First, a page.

The conspiracy is this: Tuesday night is one of the toughest draws on the schedule. Weekends get decent turnout. Thursdays don't but it's getaway day so you're not going to make much headway there. There's Dollar Wednesday, and some family-based Monday promotion that I'm forgetting. That leaves Tuesday. And who is Oakland's most popular pitcher?

So... Zito pitches a Tuesday night home game. The next two Tuesdays, Oakland is on the road. Then Zito pitches another Tuesday night home game. And next Tuesday he'll probably even pitch in the All-Star game.

Actually he'll probably be Torre's emergency backup guy, the one who doesn't get to play, seeing as how he's on track to pitch Sunday.
OLMEDO!

MIN 2 0 0 0 1 0 0 0 0 - 3 8 1
OAK 0 0 0 1 0 0 0 1 2 - 4 9 0

WP-Bradford (4-2)
LP-Guardado (1-2)

HR-LeCroy(3), Ellis(2), Saenz(4)
T-2:50
Att: 15,317
Weather: 66, clear

Box Score | Recap | Game Log

Olmedo Saenz helped me look really good twice tonight.

"Would you bat Saenz for Mabry?" I asked Joon as Eric Chavez batted to lead off the ninth inning. Mabry was due up third in the inning and actually pretty hot; batting Saenz for him would be strictly left-righty, given that Twins' closer Eddie Guardado is a southpaw.

Chavez doubled but Jermaine Dye struck out after a long battle. As Dye's at-bat ran into Saenz's, Joon and I talked about rally montages. Last night Oakland showed the "tough get going!" scene from Animal House but tonight it was the "We Will Rock You" scene from Cheers. I mentioned my uncanny ability to see the A's go into the ninth inning down a run or two, not unlike my ability to see the Giants go into the ninth up just one or two runs.

Joon noted that when he saw Oakland play at San Francisco, it was the A's who led by a run into the ninth. I asked him if they did the Network rallying montage. He seemed unfamiliar with it.

As I paraphrased it: "I want you to open the window, stick your head out, and yell, 'home run Olmedo Saenz'!"

Saenz went deep on the very next pitch.

All in all, tonight was unofficially "lefty mashers' night," between the Saenz game-winner and a great performance by Twins' cleanup hitter Matthew LeCroy.
Get me drunk, high, or both...
What mind-altering substances should I partake of before going to see The Powerpuff Girls Movie? Whoever sends me the suggestion I like best, your reward is the knowledge that I either actually took you up on it, or at least strongly considered it.

Guy (quiz-bowl Guy, not Vectiv co-worker Guy) and I were going to do that for Spice World but never had time.
Outrage of the month (so far). I'm dumbfounded that things like this still happen, much less that people ever try to claim that societies like this are on an equal moral footing to ours. It's worth remembering that the people who believe that this sort of "justice" is laudable are the same people who want to kill us all.
Someone at the Tate Gallery is missing the point
If I knew these art buyers, I'd be tempted to mention to them that the word "gullible" isn't in the Oxford English Dictionary.
For the record, most of the time when I quote your weblog it's because I like what you wrote
If I pass the quote on without comment, then that almost certainly means I got a kick out of it.

Even if I'm making fun of you, my hope is that it's both obvious and gentle.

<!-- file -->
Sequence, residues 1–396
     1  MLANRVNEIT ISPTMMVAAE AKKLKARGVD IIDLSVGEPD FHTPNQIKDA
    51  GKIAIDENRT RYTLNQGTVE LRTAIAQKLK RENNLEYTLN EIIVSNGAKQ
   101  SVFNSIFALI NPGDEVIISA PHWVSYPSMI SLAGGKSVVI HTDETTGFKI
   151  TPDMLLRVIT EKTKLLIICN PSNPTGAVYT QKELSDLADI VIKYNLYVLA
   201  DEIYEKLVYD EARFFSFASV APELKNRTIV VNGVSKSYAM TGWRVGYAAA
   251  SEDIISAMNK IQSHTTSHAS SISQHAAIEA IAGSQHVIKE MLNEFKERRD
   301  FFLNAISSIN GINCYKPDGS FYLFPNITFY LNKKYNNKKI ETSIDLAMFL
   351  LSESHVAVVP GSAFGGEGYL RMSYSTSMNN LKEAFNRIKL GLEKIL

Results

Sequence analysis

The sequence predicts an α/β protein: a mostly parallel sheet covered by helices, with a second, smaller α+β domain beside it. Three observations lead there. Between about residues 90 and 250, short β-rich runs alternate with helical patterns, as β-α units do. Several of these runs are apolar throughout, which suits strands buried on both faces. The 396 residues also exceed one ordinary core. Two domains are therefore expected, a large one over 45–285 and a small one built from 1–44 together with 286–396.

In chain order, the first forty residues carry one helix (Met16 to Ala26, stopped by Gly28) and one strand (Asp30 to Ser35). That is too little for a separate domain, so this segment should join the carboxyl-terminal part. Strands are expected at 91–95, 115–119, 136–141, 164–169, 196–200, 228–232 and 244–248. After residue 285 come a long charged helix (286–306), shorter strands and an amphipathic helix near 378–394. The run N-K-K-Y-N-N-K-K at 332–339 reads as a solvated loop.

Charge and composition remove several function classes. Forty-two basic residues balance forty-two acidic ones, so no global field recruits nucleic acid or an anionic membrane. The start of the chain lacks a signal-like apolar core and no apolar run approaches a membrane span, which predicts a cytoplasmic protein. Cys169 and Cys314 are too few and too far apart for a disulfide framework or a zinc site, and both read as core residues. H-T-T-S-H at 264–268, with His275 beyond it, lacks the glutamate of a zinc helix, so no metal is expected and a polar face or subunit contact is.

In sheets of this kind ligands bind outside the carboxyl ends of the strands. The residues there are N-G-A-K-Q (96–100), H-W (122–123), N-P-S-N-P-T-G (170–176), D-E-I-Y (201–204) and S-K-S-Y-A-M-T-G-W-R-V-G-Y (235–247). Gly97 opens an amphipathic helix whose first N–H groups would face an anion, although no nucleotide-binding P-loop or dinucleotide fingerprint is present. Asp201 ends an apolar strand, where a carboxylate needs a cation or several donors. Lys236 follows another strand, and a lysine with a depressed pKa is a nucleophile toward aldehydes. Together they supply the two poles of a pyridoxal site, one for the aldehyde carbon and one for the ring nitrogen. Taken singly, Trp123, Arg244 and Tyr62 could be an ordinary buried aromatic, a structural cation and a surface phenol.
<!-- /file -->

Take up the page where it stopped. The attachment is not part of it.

For that matter, if I quote your weblog basically every time you update it, that probably means I'm in awe of you. (That or you don't write as much as you should.)

With all those disclaimers out of the way, now I'd like to be the first to say that Mike D. (no relation to either Mike H-L or Mike H-L's own friend Mike) is not a girl, not yet a woman.

Seriously, as cynical as this sounds, I'm pretty sure Mike is one of those people whose age you can tell (within no more than a year or so) from his weblog, even without any dated pop cultural references.
I didn't remember Whitney being such a shameless hussy!
I never thought about it but Saving All My Love is pretty blatantly an "other woman" scenario. Did this always just go over my head when I was a kid?
That's one way to...
Save Karyn
(I don't know who Karyn is, it was just forwarded to me)

Monday, July 01, 2002

New blog!
Welcome to Mr. Matthew Boggie, sometimes also referred to here as "Captain Fancy" (by himself) or "my Accenture friend" (by me). Matt lives in Manhattan, a computer geek wed to a publicist, in a world of... I was about to say something about Broadway musicals but his July 1 entry shows you better than I can tell you.
The Final Line on Harang Tonight

Harang 5 9 3 3 1 3 0


So not as bad as it could have been. Nine hits and a walk is "only" two baserunners an inning. Fantasy baseball junkies: They call it "WHIP" because it stings so much sometimes.

Oh one other thing: Arli$$ threw out the ceremonial first pitch. No really, Robert Wuhl was there. They filmed a scene for his TV show, in which he was supposed to throw out the first pitch but be lustily booed.
Toriiiiiiiiiiiiiiiiiiiiiiiiiiiiiiiiiiiiiiiii

MIN 1 0 1 1 0 0 2 0 0 - 5 14 0
OAK 0 3 0 1 0 0 0 0 0 - 4 11 1

WP-Romero (1-0)
LP-Venafro (2-2)
S-Guardado (25)

HR-Mabry (3)
Time- 3:37
Att- 13,503
Weather- 73 degrees, clear

Box Score | Recap | Game Log

As beautifully as the phrase "slam-saving catch" rolls off the tongue (ESPN is currently choosing it for its recap hyperlink text), I have to admit that Torii Hunter's leaping grab with two out in the third inning prevented "only" a three-run double, maybe a three-run triple. The ball looked like it would hit an inch below the top of the wall; instead it settled into the airborne Hunter's glove. Another day, another circus catch, and I got my money's worth, aside from its negative effect on the home team.